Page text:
Mercedes-Benz South Africa (MBSA), meanwhile, has reduced its carbon footprint by 15% since 2007, forging ahead of the global group target of a 20% reduction by 2020, which was set by its parent company, Daimler AG. The MBSA manufacturing plant in East London has achieved this landmark reduction in production-related emissions by introducing (amongst other things): solar water heating, energy efficient lighting, the optimisation of process temperature parameters, insulation improvements, the implementation of energy efficient equipment and the optimisation of plant operating and shutdown times.
Mercedes-Benz plans its infrastructure and equipment in accordance with European environmental standards, which include measures such as: underground fuel supply installations, inert gas fire protection in flammable chemical stores, reduction of CFCs in refrigeration units, elimination of mercury vapour lighting, regular monitoring of underground/surface-water and air quality, reduction in water usage and waste reduction, and re-use and recycling programmes. MBSA’s environmental programme is audited on an annual basis in order to verify and maintain its compliance with the ISO 14001 standard.
However, other South African manufacturers may have similar success stories to tell in the future. There are obvious financial incentives for companies to adopt energy efficient production methods and with the steep rise in the electricity price in 2010 and similar increases likely to follow, there may be no alternative for manufacturers that intend to remain viable and competitive. According to Annelise van der Laan, media liaison for MBSA’s corporate division, “We may already be seeing signs – with the introduction of the new carbon tax – that the future success of automotive manufacturers will depend to a large degree on their environmental policies and carbon emission levels.”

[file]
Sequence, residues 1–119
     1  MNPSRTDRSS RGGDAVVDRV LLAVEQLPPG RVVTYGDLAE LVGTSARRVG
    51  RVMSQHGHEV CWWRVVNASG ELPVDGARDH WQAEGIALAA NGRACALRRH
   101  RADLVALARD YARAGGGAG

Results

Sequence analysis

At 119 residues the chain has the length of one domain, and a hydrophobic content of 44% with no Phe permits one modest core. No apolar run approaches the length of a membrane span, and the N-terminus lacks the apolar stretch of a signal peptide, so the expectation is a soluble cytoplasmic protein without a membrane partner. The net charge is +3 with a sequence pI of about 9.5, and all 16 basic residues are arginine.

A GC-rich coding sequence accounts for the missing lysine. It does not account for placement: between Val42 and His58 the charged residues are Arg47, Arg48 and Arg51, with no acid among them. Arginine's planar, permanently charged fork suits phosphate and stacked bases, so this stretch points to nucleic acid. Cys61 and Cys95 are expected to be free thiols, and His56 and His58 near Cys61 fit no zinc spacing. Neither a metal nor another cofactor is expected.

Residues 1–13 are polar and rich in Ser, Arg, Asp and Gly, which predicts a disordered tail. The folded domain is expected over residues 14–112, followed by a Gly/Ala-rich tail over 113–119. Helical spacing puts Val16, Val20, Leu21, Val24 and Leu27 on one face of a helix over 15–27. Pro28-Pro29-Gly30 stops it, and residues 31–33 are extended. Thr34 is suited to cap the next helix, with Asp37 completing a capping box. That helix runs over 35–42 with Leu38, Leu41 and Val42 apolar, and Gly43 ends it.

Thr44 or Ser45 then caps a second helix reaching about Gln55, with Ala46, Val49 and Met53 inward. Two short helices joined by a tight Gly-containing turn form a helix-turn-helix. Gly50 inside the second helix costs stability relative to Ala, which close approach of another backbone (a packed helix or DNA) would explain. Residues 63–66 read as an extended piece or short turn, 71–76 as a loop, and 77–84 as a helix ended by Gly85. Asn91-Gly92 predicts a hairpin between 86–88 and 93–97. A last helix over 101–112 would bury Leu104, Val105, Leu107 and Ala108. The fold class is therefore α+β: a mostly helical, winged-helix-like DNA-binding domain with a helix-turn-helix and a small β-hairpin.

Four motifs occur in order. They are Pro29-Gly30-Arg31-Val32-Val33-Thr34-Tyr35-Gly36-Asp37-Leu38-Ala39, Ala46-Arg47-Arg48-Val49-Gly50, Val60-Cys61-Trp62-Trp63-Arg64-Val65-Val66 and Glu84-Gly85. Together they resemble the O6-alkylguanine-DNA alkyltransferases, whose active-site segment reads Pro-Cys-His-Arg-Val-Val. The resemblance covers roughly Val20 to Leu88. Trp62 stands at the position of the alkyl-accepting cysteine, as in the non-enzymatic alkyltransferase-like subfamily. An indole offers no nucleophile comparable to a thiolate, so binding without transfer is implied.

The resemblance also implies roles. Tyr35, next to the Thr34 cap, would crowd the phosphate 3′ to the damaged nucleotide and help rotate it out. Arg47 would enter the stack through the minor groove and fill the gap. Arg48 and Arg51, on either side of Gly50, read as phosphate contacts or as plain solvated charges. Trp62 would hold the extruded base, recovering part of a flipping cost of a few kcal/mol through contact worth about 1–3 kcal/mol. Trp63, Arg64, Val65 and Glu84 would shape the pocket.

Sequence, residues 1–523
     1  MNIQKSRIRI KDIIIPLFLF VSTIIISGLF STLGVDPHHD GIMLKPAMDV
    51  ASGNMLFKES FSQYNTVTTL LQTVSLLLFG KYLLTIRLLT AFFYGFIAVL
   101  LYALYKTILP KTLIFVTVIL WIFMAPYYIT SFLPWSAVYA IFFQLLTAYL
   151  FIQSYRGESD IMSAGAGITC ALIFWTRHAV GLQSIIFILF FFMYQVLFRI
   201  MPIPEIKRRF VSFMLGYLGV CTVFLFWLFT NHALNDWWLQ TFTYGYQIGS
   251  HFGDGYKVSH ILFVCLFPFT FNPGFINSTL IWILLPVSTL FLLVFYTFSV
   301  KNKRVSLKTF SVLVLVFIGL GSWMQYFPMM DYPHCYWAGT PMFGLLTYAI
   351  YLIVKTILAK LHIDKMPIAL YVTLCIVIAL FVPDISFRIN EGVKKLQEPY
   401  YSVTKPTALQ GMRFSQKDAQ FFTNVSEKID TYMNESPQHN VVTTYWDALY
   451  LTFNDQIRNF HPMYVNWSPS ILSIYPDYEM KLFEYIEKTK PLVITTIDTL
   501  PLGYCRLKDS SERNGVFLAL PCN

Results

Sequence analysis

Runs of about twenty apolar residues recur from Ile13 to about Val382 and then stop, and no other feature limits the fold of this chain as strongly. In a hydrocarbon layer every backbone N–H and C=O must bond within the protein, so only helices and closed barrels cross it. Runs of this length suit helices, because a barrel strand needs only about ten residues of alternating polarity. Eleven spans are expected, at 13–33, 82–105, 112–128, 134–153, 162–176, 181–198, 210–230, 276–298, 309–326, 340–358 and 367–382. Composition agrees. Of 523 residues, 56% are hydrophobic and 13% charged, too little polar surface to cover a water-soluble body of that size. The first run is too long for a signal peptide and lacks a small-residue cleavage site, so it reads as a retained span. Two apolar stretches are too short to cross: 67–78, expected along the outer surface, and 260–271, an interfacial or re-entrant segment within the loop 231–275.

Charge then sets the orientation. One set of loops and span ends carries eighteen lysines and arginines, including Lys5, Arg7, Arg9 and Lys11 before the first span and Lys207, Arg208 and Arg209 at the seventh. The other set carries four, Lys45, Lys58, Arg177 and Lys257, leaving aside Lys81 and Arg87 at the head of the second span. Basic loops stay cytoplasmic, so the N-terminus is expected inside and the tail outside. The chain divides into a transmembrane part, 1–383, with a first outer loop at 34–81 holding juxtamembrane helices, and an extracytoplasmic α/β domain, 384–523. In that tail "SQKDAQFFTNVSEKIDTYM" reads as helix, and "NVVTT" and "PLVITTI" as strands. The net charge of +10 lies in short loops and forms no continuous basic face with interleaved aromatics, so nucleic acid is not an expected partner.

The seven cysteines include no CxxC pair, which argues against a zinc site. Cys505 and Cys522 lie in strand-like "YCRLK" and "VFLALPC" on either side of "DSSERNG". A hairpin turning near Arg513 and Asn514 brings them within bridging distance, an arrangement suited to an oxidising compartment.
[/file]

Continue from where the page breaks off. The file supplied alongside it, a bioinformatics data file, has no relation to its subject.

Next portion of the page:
Moreover, it’s not only the vehicle manufacturers who are going green. Of the environmentally friendly technological innovations that are currently finding their way into the South African automotive market, Goodyear South Africa is leading the way. Goodyear’s “Max Technology” range won the first prize for innovation at the 2009 Automechanika trade fair. Goodyear’s “Max Technology” combines tread designs and materials technology to produce “lower rolling resistance” in its tyres. This results in less energy being required to propel the tyres, reduced fuel consumption and diminished environmental impact. The judges on the Automechanika panel concluded, “The technology constitutes a quantum leap in tyre safety and performance and carries with it substantial environmental benefits.”
In addition, the Institute of Waste Management (IWMSA) and the Department of Economic Development and Environmental Affairs rewarded Goodyear’s environmental management programme with the “Medium Environmental Impact” category award in the Eastern Cape Top Green Organisation Awards 2009. MBSA received the award in the “High Environmental Impact” category. The awards were conferred based on waste management and waste minimisation initiatives. Goodyear is another South African company with ISO 14001 certification for environmental management. In a collaborative effort with its contractors, Goodyear reduced its non-recyclable waste by 85% within a period of two years.
Risk control manager, Rene van der Merwe, elaborates further: “Goodyear is a zero-waste-to-landfill facility. Our philosophy is to segregate, re-use and recycle to ensure we do not have an impact on our environment. Non-recyclable waste is thermally destructed, and the ash is used in brick making. We make sure that our waste contractors and their sub-contractors apply the same philosophy.”
In conclusion, major players within the South African wheels game have made significant – though admittedly modest – progress in recent years. As an industry, we obviously still have a long way to go. Having said that, recycling programmes and responsible waste management are becoming increasingly commonplace in the industry; and companies such as MBSA are making concerted efforts to reduce their carbon emissions via energy-efficient production processes. Furthermore, although the automotive industry faces major context-specific challenges, green technology is also starting to gain a tenuous foothold. Such modest advancement may be a long way off from the widespread assimilation of soybean oil dashboards, corn oil upholstery and other revolutionary green technology, but one has to start somewhere.